By Sunil Pokharel, Ph.D. and Pushpa Pandey, Ph.D.

Husband and wife, Sunil Pokharel, Ph.D. and Pushpa Pandey, Ph.D. started their journey together at Old Dominion University and received their doctoral degrees in physics together on May 6, 2024. Read their story about taking the journey together.

We chose ODU for our Ph.D. degrees for several compelling reasons. My wife had a long-standing dream to pursue her Ph.D. in the USA, and ODU's strong reputation in our respective fields of study made it an attractive choice. The university's renowned faculty members and cutting-edge research facilities provided an ideal environment for her to pursue her academic aspirations.

For me, the decision to follow my wife to ODU the subsequent year was deeply rooted in our commitment to each other. I couldn't bear the thought of being separated from her for an extended period, and I wanted to support her pursuit of her dream while also furthering my own academic and career goals.

With two kids and both of us pursuing Ph.D.’s in physics together, you might wonder how we decided on this path and managed our many responsibilities.

We chose to pursue our Physics degrees simultaneously because of our shared passion for the field and our mutual support for each other's academic aspirations. To manage our roles as husband, wife, father, mother, and student, we relied on careful planning, effective communication, and unwavering dedication.

We established clear schedules and routines to balance our academic pursuits with our family commitments. Additionally, we divided household responsibilities and childcare duties to ensure neither of us felt overwhelmed.

Despite the challenges, our resilience and the support of our extended family and friends helped us successfully navigate this demanding chapter in our lives. The fulfillment derived from pursuing our passions while setting an example for our children made every sacrifice worthwhile.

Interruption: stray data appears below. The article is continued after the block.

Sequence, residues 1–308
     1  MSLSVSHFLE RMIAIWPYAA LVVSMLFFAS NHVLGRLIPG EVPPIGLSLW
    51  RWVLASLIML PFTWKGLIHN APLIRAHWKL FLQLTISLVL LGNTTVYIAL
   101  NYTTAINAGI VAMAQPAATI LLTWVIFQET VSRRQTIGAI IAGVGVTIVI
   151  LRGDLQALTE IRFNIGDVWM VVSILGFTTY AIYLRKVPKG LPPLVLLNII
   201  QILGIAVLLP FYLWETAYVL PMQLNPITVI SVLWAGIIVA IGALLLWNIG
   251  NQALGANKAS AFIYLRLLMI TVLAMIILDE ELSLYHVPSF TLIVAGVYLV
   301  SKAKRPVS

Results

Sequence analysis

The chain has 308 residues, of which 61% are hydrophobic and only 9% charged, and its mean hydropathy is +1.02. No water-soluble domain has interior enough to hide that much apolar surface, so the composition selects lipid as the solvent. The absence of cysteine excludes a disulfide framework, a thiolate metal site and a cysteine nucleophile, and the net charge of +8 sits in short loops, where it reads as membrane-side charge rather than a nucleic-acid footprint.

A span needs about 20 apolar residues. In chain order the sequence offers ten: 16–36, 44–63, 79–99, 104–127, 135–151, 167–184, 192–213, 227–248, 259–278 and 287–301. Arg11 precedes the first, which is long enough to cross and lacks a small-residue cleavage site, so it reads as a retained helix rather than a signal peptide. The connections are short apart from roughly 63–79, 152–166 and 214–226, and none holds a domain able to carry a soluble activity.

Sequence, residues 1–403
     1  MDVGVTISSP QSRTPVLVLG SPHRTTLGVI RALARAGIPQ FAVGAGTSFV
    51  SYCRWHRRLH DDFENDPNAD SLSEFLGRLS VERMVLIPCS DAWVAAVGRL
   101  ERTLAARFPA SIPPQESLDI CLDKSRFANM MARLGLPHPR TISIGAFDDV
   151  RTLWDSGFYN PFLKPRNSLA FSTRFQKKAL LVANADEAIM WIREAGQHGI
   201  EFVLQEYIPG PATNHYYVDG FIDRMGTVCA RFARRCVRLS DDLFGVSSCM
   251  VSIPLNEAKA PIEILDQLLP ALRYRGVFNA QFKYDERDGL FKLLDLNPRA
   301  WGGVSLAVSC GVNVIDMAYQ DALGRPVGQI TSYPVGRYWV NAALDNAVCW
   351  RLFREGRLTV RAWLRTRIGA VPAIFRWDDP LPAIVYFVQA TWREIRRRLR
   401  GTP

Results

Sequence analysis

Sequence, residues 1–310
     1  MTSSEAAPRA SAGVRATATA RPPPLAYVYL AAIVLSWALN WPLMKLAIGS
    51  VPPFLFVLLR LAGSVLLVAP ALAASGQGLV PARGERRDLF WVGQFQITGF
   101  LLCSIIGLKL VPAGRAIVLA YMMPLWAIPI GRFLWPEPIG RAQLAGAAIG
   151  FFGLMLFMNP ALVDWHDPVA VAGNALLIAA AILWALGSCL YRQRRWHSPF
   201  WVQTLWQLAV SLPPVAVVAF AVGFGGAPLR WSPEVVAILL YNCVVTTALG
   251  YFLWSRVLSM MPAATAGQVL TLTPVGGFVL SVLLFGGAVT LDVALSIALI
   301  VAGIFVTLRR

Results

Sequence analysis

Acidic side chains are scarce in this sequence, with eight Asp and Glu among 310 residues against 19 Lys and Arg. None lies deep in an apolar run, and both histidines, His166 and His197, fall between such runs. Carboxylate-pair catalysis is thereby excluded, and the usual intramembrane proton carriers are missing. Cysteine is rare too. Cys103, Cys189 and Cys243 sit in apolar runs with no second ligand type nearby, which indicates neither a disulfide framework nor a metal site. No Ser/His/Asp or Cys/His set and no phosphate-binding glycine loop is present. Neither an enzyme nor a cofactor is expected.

I, Sunil, completed my undergraduate (B.S. in Physics) and graduate (M.S. in Physics) degrees at the Central Department of Tribhuvan University, Kirtipur, Nepal. Meanwhile, my wife, Pushpa, obtained her degrees from one of the constituent campuses of Tribhuvan University, Birendra Multiple Campus, Bharatpur, Nepal.

We both conducted our research at Jefferson Lab. I focused on accelerator science, with my thesis topic being "CEBAF Injector for K-Long Beam Conditions," under the guidance of Dr. Geoffrey Krafft. I received training at Jefferson Lab in advanced electron injector design and modeling. The upcoming Jefferson Lab KL experiment in CEBAF's Hall D will feature a lower bunch repetition rate of 7.80 MHz or 15.59 MHz. Multi-objective genetic optimizations were performed for the CEBAF injector to determine optimal magnetic elements and RF settings for KL bunch charge. Subsequent beam dynamics simulations and measurements were conducted to obtain beam characteristics in the front end of the CEBAF injector.

Meanwhile, my wife, Pushpa Pandey, conducted experimental nuclear physics research at Jefferson Lab. Her thesis, titled "Longitudinal Solid Polarized Target for CLAS12 and Study of Spin Structure of Nucleons," was supervised by Dr. Sebastian E. Kuhn. During my Ph.D., I primarily worked as an experimental nuclear physicist and assisted the JLab Target Group in building the longitudinal Solid Polarized Target for experiments using the CLAS12 detector of Hall B in JLab,” said Pandey. She is now working at Jefferson Lab as a Postdoctoral Associate for the Massachusetts Institute of Technology.